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Clean-up Crew Has Arrived

New England’s skies have been devoid of the wheeling antics of our most prominent avian scavenger, the Turkey Vulture (Cathartes aura) since last October.  The first migrants are returning, and just in time to recycle winter’s roadkills such as the raccoon carcass pictured.

Turkey Vultures have keen vision and road-killed animals are fairly easy to spot, but scientists have wondered for many years how they locate carrion hidden from view, such as those within forests.  It’s been determined that they do so primarily with their highly developed sense of smell. Turkey Vultures have an extremely large olfactory bulb—the area of the brain responsible for processing odors.  When it comes to detecting food by smell alone, the Turkey Vulture has the most finely-attuned sense of smell among nearly all birds and is known to be able to smell carrion from over a mile away.

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Coyotes Scavenge More Deer Than They Kill

1-4-19 deer skull eaten by coyotes IMG_2423Coyotes are considered opportunisitic omnivores and will eat just about anything. As the seasons and the availability of foods change, so does the coyote’s diet. During the summer, coyotes feed upon berries and insects. Small mammals are an important prey of choice during the fall and into the winter. As winter becomes harder and small mammal populations decline, coyotes turn toward their largest prey – white-tailed deer.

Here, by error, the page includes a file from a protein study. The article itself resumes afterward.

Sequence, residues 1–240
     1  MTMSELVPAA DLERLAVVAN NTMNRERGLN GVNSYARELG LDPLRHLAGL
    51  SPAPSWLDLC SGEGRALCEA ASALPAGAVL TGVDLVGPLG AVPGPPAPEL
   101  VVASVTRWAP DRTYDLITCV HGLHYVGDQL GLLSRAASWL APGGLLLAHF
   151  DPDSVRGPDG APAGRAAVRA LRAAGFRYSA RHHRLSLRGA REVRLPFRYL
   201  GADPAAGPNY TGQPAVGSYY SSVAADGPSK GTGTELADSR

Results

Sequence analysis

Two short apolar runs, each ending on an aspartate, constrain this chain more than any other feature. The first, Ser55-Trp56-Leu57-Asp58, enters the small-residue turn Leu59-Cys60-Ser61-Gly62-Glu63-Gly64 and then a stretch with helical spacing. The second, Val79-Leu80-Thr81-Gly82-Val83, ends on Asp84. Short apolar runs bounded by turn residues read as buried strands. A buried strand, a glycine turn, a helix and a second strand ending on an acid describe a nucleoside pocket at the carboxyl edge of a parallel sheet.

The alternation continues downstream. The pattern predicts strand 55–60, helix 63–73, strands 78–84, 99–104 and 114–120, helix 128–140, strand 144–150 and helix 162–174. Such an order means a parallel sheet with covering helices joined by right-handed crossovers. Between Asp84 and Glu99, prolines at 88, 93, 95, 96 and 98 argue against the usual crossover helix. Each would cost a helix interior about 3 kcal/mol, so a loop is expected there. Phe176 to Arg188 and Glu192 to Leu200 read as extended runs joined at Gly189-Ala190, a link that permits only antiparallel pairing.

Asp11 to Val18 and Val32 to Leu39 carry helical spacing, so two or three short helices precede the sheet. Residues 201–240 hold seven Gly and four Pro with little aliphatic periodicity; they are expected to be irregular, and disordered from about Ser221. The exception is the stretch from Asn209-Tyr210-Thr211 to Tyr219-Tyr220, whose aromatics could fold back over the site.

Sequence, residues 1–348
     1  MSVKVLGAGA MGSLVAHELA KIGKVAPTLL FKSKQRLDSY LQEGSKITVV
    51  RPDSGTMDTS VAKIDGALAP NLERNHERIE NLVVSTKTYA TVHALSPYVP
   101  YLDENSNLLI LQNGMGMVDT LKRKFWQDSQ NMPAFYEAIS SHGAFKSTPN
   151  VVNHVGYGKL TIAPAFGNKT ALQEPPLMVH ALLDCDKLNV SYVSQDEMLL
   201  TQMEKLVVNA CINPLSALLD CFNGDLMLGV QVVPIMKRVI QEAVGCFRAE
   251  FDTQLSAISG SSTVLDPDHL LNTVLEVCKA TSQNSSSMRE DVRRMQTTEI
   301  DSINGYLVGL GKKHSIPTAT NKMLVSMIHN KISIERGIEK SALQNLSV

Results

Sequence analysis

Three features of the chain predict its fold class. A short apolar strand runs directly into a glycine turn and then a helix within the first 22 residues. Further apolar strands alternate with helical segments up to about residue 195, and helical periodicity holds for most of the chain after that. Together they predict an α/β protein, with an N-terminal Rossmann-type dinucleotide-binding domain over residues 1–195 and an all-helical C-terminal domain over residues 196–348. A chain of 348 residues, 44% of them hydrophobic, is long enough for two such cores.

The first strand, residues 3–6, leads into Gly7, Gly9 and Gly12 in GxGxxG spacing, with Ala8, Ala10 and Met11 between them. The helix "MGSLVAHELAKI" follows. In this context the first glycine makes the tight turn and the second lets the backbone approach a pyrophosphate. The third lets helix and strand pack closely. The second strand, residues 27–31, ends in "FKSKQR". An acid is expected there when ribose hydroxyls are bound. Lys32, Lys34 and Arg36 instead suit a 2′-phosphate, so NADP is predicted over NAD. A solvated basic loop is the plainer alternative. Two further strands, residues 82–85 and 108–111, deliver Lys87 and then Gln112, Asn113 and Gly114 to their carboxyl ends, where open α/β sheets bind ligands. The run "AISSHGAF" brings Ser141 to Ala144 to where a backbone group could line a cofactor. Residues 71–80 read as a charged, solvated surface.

It is not uncommon to come upon deer carcasses in the winter which have been cleaned within an inch of their life by coyotes, illustrating their preference for this ungulate. However, the majority of deer carcasses consumed by coyotes are not killed by them, but are discovered as carrion or road kills. Coyotes infrequently kill healthy adult deer. Occasionally, working in packs, they will chase them down. Scat dissection shows that in late spring, coyotes prey on fawns.

A study of coyote predatory behavior in New York state several years ago found that during the winter, only 8% of adult deer carcasses visited by coyotes had been killed conclusively by coyotes. The remaining 92% were scavenged by coyotes after being killed by vehicles and other injuries. The adult deer that were killed by coyotes had severe pre-existing injuries and were likely to die from other causes in the absence of coyote predation.

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